I shudder to think how much more difficult servlet programming would be
    if I had to worry about whether the request arrived via HTTP or HTTPS.
    Why do you think that such sophisticated frameworks (webservers, app
    servers, etc.) were developed in the first place?
     
    Sudsy, Jan 14, 2005
    #7
  8. peelman

    Esmond Pitt Guest

    This is a non-issue and the article is a furphy. Selectable connect()
    does work, you just have to make sure to only select for OP_CONNECT
    until the connection completes and not OP_WRITE, and never select for
    OP_CONNECT after the connection completes.

    The underlying reason is that in BSD select(), OP_CONNECT and OP_WRITE
    are the same, and Sun for some reason are going to great lengths to
    separate them into OP_CONNECT and OP_WRITE. Why, I don't know.
     
    Esmond Pitt, Jan 14, 2005
    #8
  9. peelman

    opalpa Guest

    1500 threads where threads are many-to-one mapped to system threads is
    alright from my experience. With 600 connections you might be out of
    file descriptors unless you up your system settings.

    I'm not sure but linux java may still use one to one threading model
    and then 1500 is probably too many. On a solaris machine it's not a
    problem from my experience. I've had programs that make, carry out,
    and end over 5000 threads per second. Solaris by defualt uses many to
    one thread model.
     
    opalpa, Jan 14, 2005
    #9
  10. peelman

    Neil Collier Guest

    I don't understans what you are saying? Usng secure sockets in java
    requires using the javax.net.ssl.* package. I use classes like
    SSLServerSocket. I have to do this the make my application sockets use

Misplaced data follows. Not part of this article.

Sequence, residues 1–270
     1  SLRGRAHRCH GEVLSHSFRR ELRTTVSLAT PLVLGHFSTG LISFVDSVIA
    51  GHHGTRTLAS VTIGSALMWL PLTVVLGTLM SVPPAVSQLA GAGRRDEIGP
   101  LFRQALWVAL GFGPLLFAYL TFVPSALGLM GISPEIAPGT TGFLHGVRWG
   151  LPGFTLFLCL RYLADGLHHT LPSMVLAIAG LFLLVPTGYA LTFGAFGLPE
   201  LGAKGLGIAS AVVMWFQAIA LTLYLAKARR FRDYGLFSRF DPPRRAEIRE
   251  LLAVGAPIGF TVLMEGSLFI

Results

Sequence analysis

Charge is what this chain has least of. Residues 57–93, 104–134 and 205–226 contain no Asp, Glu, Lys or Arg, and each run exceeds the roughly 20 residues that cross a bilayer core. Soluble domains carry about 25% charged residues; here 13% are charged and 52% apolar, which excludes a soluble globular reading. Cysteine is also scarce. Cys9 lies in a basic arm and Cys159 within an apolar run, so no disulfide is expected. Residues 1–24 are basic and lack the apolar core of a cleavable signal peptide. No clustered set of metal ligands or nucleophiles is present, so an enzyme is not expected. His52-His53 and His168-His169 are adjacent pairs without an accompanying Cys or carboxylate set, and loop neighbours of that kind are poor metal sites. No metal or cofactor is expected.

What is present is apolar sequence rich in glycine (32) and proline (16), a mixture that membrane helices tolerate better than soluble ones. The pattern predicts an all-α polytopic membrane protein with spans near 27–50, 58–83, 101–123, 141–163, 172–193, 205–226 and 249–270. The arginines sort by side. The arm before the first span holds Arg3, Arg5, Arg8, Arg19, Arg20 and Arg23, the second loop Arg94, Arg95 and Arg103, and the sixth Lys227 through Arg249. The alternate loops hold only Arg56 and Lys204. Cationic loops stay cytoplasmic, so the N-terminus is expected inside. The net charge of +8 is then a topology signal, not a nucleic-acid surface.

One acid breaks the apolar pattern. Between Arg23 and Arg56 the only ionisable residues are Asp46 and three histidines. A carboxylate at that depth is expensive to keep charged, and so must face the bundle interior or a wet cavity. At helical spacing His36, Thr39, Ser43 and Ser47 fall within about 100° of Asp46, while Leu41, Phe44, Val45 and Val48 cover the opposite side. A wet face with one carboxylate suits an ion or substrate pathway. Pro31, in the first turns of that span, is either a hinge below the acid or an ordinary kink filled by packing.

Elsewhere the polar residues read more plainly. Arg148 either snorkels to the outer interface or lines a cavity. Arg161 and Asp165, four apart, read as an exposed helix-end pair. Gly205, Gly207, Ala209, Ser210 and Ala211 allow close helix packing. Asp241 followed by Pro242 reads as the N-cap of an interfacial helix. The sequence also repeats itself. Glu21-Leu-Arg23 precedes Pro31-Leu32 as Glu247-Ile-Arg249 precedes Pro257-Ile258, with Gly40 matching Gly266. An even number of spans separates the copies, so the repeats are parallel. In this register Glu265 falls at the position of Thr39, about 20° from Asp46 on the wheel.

SSL, otherwise they are just standard insecure connections. I am not
    program servlets, it is just a compiled Java application executable.
    It is not HTTPS requests, it is direct socket communication between
    client and server, sending packets designed on my own protocol. Am I
    going about this all wrong?
     
    Neil Collier, Jan 14, 2005
    #10
  11. peelman

    Neil Collier Guest

    that is very interesting. i would be using Windows Server 2003, i
    wonder how that stands up to so many threads...? So what kind of
    hardware do you use to run this stuff, is it a lot of RAM/CPU power?
     
    Neil Collier, Jan 14, 2005
    #11
  12. peelman

    Eric Sosman Guest

    Just an FYI: The situation depends on which Solaris
    version you are using.

    - Solaris 7 and earlier: the only available model was
    M-to-N, unless you specifically used system-scope
    (as opposed to process-scope) threads.

    - Solaris 8: The S7 behavior was the default, but there
    was an "alternate thread library" that used 1-to-1.
    You could substitute this library for the default
    at the flick of an environment variable.

    - Solaris 9: The "alternate" library from S8 became
    the only library: all threads are 1-to-1.

    - Solaris 10: Uses the 1-to-1 model.
     
    Eric Sosman, Jan 14, 2005
    #12
  13. peelman

    Esmond Pitt Guest

    You can use NIO with the JDK 1.5 SSLEngine, but it's pretty tricky.
     
    Esmond Pitt, Jan 15, 2005
    #13
    1. Advertisements

Ask a Question

Want to reply to this thread or ask your own question?

You'll need to choose a username for the site, which only take a couple of moments (here). After that, you can post your question and our members will help you out.